that emphasizes the measurable improvement gained, not how many black belts
you have. It is an approach that at its core is based on instilling a shared
ownership of important business metrics at the individual employee level. It is
an approach that believes that employees should have allegiance to the process
in which they work first and their department second. It is an approach that
recognizes that management must support and coach the team and individuals
involved in the process, but also knows that much of the time management just
needs to get out of the way. It is an approach that our company has used in
the manufacturing environment for years and is now expanding into other business
processes. It is an approach that we feel is key to us strategically. It is an
approach called Look Forward®.
Our company is not perfect. We realize that the continuous improvement
road is just that — continuous. We recognize that there is always an opportunity
for improvement just around the corner. We feel that Look Forward® is key to
our future success. It is our hope that a piece of it might work for you as well.

PREFACE

For those who are interested in achieving excellence in business and continuously
improving their processes, it is tough to even imagine doing so without
the Lean, Six Sigma, and Theory of Constraints tools, although it really has not
been very long that these tools have been available to us. Lean manufacturing
was popularized in the United States by Jim Womack, Daniel Jones, and Daniel
Roos in the book entitled The Machine That Changed the World, which was
based on their study of the Toyota Production System. That was 1990 — a mere
15 years ago.
Six Sigma was the brainchild of Bill Smith, an engineer at Motorola. In
1986, he introduced it as a way to standardize how defects were counted. Over
the past 19 years, Six Sigma has been adopted by many companies as an
essential element to their business strategy. Motorola won the Malcolm Baldrige
Award largely due to its Six Sigma corporate philosophy, and General Electric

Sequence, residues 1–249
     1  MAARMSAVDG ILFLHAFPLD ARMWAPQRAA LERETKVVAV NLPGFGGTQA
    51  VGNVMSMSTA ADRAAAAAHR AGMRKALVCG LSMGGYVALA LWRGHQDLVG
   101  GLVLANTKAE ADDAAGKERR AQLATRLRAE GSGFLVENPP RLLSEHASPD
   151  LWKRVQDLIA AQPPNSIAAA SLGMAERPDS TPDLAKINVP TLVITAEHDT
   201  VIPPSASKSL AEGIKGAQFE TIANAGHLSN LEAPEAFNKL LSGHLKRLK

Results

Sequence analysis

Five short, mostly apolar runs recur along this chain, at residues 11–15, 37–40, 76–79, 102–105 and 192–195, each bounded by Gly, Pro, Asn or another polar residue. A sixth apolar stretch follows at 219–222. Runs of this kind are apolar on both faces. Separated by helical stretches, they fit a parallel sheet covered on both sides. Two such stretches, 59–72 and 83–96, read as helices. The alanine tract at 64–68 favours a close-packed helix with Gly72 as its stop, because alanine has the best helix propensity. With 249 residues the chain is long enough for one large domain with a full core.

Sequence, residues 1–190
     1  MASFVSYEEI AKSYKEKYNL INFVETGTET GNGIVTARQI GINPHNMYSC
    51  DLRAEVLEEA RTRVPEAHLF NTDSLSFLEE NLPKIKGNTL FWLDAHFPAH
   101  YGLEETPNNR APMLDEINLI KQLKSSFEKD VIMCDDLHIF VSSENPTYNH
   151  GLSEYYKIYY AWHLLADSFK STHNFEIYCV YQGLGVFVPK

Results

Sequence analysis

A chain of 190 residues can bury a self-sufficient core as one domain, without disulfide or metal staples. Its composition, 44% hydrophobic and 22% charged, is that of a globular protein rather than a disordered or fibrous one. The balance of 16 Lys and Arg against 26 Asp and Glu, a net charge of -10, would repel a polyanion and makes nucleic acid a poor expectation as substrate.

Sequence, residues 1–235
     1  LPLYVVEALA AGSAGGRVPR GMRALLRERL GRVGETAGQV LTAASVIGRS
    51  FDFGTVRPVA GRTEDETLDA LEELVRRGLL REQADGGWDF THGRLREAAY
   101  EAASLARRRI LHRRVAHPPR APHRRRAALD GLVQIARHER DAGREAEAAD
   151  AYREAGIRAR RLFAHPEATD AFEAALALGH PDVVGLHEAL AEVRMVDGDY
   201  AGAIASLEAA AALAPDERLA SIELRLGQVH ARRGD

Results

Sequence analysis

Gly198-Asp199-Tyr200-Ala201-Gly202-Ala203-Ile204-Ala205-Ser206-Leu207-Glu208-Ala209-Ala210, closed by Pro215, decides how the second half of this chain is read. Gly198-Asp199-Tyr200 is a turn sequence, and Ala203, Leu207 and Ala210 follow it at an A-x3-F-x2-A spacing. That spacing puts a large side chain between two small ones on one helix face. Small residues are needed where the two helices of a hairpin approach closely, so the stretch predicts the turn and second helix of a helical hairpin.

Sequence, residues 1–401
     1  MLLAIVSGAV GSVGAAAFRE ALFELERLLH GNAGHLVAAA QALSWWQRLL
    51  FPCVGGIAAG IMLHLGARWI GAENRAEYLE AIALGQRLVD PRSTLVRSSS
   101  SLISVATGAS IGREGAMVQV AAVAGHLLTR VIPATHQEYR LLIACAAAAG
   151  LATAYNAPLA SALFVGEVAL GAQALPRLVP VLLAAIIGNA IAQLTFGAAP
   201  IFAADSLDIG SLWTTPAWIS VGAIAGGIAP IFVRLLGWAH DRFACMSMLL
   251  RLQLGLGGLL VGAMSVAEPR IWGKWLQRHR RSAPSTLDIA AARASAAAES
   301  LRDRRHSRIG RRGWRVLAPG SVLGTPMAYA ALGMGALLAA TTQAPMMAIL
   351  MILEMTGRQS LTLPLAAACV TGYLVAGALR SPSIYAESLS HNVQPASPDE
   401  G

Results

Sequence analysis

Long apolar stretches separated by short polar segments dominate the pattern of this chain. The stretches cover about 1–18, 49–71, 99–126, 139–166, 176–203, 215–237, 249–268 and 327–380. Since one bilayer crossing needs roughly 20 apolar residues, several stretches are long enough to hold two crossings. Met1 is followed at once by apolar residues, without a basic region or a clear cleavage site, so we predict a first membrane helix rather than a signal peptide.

became one of Six Sigma’s strongest proponents under the leadership of Jack
Welch.
Theory of Constraints, although perhaps not as popular as Lean or Six
Sigma, is no less beneficial to a company embracing continuous improvement.
It was first introduced to the world by physicist and author Dr. Eliyahu M.
Goldratt in his novel entitled The Goal. Initially published in 1986, The Goal
is a nontraditional continuous improvement book that communicates the method
through the descriptive operations of a fictional company. This novel has been
extremely popular, selling over three million copies, and has been the thrust
behind many a company’s decision to adopt Theory of Constraints in its operations
strategy.
Choosing from this menu of continuous improvement methods is similar to
going to a fine restaurant and having to decide between the filet mignon,
viii Look Forward® Beyond Lean and Six Sigma
fettuccine Alfredo, and grilled salmon. All of these dishes are delicious, and
each has its unique flair. The meat eater who likes a good steak and has no
issues with red meat may select the filet mignon. The vegetarian who passes
on meat and fish may select the fettuccini Alfredo. Finally, there are those who
are neither vegetarians nor red meat eaters. The grilled salmon is probably the
meal of choice for this group. All of the meals are excellent in their own right,